MANKATO — At the 150th anniversary of the Dakota Conflict, there’s been no shortage of media accounts reliving the battles, the deaths and, of course, the infamous hanging of 38 Dakota in Mankato.
But while it may be important to learn about the past and understand the importance of the events of 1862, there may be one thing that’s more important: reconciliation.
That was the focus of a panel discussion Sunday morning at the site of the annual Mahkato Wacipi, the powwow event that is in its 40th year.
The panel discussion, moderated by KTOE radio personality Pete Steiner, was held outdoors at the same park, Land of Memories, where the sacred powwow event is held.
“Even though it’s been 150 years, there are still wounds that are open,” said Rep. Dean Urdahl, who represents Minnesota House District 18B. “That’s what makes reconciliation so important.”
Urdahl and others spoke for about an hour about the need to both come to terms with what has happened, and about the need to move on.
Dave Larsen, who used to work at Minnesota State University, said it’s best to think of reconciliation as not a destination, but a journey.
He said he remembers a time when having darker skin in the Midwest meant something a lot more negative than it does today. During those times, he recalls getting angry at people. But it was a Catholic priest who reminded him once of a very important part of forgiveness.
“He said forgiveness means letting go of the past,” Larsen said.
At the same time, it’s important to learn the history of how we got here.
James Weston, a Dakota, said the 150th anniversary we’re all commemorating was a war. But why did it start?
“We’d had enough,” he said of the Dakota people.
Historians agree. The treatment the Dakota people endured from the European settlers and the U.S. government was harsh. Treaties were ignored, promised food shipments were delayed. The Dakota were starving in 1862, trying to find food on over-hunted land. They reached their breaking point, and famously snapped at Acton Township in Meeker County.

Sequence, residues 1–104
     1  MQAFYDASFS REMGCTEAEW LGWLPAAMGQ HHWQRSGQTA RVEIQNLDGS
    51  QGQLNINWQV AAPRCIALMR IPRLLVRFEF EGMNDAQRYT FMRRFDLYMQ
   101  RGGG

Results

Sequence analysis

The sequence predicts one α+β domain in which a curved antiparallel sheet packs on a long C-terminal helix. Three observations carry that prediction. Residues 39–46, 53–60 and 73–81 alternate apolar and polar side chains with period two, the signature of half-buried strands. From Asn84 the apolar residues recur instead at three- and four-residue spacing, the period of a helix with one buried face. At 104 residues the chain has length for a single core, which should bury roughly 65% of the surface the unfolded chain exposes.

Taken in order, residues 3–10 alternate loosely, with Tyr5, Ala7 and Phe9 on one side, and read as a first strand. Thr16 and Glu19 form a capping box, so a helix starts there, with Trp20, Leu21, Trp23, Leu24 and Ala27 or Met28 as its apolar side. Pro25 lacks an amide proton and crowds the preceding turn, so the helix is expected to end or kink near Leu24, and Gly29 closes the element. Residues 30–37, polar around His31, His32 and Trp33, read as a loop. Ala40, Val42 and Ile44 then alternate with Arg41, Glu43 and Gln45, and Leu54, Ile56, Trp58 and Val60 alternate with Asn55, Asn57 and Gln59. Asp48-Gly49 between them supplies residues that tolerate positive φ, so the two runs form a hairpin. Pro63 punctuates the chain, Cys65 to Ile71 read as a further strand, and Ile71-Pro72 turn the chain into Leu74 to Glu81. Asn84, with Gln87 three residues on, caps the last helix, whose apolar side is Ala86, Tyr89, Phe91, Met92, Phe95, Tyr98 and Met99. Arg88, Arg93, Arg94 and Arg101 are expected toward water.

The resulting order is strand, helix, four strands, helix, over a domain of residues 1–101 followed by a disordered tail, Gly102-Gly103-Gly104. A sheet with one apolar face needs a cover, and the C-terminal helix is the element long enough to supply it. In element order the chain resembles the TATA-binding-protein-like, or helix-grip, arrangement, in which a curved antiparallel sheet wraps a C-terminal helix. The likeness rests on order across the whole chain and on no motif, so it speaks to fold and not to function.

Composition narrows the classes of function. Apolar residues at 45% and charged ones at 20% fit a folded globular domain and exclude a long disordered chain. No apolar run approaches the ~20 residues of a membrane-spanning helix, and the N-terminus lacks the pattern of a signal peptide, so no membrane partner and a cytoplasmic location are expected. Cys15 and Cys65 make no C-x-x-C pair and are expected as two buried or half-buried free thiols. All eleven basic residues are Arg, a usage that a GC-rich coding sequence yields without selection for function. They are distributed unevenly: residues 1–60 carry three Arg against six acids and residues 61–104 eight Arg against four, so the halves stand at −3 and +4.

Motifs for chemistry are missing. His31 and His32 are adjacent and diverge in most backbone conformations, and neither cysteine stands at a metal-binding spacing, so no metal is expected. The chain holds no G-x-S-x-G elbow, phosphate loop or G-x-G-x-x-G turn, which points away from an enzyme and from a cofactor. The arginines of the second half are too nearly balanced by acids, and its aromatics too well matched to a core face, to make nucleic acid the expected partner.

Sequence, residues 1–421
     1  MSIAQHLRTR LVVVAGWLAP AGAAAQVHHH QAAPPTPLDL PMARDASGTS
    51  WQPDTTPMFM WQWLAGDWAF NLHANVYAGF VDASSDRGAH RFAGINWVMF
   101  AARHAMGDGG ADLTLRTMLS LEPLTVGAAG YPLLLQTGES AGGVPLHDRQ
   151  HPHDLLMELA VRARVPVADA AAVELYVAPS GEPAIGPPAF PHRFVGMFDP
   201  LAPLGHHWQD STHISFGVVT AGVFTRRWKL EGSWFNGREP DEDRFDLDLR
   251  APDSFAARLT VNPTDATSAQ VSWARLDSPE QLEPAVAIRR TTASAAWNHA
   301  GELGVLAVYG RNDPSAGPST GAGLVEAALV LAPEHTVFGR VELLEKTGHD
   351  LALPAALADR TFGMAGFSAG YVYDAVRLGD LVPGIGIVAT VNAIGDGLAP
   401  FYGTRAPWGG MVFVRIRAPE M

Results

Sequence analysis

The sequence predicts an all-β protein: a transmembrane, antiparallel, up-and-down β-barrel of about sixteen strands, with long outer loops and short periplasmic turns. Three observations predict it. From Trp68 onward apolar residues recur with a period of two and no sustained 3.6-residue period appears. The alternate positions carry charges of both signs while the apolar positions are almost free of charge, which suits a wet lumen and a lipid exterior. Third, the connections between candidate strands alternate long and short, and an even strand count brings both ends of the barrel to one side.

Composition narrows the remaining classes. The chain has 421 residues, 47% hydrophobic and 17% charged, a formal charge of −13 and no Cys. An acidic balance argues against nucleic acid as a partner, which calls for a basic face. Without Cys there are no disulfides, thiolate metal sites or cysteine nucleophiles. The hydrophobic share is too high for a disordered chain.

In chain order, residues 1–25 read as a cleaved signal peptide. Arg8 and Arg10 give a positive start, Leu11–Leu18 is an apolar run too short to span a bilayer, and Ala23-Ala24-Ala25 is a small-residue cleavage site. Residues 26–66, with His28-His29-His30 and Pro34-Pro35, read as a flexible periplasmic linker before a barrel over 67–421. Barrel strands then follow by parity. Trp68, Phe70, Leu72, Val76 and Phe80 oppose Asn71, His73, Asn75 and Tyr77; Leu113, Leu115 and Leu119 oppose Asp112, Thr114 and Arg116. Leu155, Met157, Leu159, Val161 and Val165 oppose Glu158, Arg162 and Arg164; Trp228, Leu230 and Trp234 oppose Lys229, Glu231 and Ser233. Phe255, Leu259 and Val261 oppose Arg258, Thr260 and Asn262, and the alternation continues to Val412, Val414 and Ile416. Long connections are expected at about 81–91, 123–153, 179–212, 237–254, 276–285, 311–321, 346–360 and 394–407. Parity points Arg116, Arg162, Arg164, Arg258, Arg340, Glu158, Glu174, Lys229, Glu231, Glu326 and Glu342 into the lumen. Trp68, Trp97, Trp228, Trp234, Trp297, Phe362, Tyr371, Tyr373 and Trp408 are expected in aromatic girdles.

“The history needs to be heard,” Weston said. “Historic hurt. Historic trauma. Historic guilt. Historic shame. It’s on all sides.”
Another member of the Dakota followed Weston. Two Arrows — who is the keeper of the Eagle Staff that bears 38 feathers for Dakota hanged in Mankato, and two more for a pair of Dakota kidnapped and killed later — said it’s important to remember the 38 who died because they stood up for what was right.
But he said the way to reconciliation has to include listening.
“Part of reconciliation is bringing the truth out, understanding, shaking hands with everybody,” he said. “We’re all the same. We all bleed red. We all come from the Creator.”
He said he’s part of a group that rides from South Dakota to the Mahkato Wacipi every year called the Dakota 38 Riders. In the early days of the ride, he said, people in some of the small towns along the way weren’t that friendly to them. It’s changing.
“Now we’ve got people who are opening their homes to us, feeding us,” he said. “And every year, more and more of that happens. It’s beautiful. That’s the only word I have to describe it.
“Some of the things that happened on both sides were unspeakable,” he said. “But those are the things we need to talk about.”